Whether or not a fear is rational, the treatment can still be the same.

"Exposure and response prevention is the most successful," Sabia says of the treatment methods he uses. One form of treatment is to determine the hierarchy of fear, says Sabia.

Make a list from one to 10, beginning with the least fearful aspect of the scary object or subject matter and ending with the most frightening part about it. Someone who fears snakes might select talking about snakes in the No.1 position on the hierarchy, and list actually holding a snake at No. 10.

Sabia then helps his clients overcome their fears by working their way up through the list. Though sufferers need to face their fears to overcome them, they probably should not choose to skip right to No. 10, he says. But instead ease their way into confronting what they fear.

The result of counseling will depend on the patient, says van Horn.

The fear might always be there, but clients will be able to remain in the scary situation rather than running away screaming.

"Don't expect to be fearless about that which you're phobic about," Sabia says.

If a fear does not conflict with a person's every day life, that person might do very well choosing to ignore it.

"You don't have to use elevators," van Horn says of people who fear enclosed spaces or elevators in particular. If their job does not require them to use one, they might choose to simply use the stairs instead.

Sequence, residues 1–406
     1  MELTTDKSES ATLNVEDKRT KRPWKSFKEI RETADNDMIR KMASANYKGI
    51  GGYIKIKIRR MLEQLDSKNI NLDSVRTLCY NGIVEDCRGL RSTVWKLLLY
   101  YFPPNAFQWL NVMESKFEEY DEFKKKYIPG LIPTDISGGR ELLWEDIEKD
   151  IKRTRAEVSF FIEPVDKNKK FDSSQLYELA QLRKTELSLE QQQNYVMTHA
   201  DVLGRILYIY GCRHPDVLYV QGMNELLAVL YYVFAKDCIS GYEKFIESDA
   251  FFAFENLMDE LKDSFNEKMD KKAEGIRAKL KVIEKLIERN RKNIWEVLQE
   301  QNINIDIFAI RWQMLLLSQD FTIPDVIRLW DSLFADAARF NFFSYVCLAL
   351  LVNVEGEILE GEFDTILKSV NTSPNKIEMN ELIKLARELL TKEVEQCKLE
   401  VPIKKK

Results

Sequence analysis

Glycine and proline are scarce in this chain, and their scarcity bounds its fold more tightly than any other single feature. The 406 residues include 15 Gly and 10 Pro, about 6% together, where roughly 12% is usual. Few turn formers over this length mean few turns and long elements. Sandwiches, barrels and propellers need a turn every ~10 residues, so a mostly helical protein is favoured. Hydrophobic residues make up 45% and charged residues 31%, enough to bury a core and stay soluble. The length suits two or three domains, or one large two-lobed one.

They might instead choose to treat fear on their own, but Sabia cautions, "You'd have to be pretty self-motivated to do that."

Behind the fear

"Public speaking fears and social anxiety disorders are among the most common [fears]," Bruffey says. For the general public the fear of speaking to others can easily be overcome, but for others treatment is more complicated.

"Very frequently there is some basis to the fear," Sabia says. He uses a psychological technique called eye movement integration in the treatment of those who have experienced traumatic events that triggered a fear in them.

The treatment begins with the client making a anchor statement.

"It would help them to feel safe, secure, confident" -- the complete opposite of how the fear makes them feel, Sabia says

Next the client pictures the traumatic event or the source of anxiety, but as if he is a spectator, not a participant. Sabia asks the client to follow the path of his fingers through the air, back and forth horizontally before asking the client to mentally revisit the scene of anxiety.

"It always changes. ... What's different is what changes. Some people say the movie is moving slower," he says. "Some even say, 'I can't conjure up the image.'"

The process continues, with the eye movement path moving to a vertical platform, and later a circular one over the course of the treatment.

Another form of treatment is hypnosis.

"Basically all hypnosis is deep relaxation," says Gwen Corley, a licensed clinical social worker with New Dawn counseling service in Winchester, who uses hypnosis among other treatments in her practice. It is most useful in the case of something that triggered a specific fear in a patient, she says.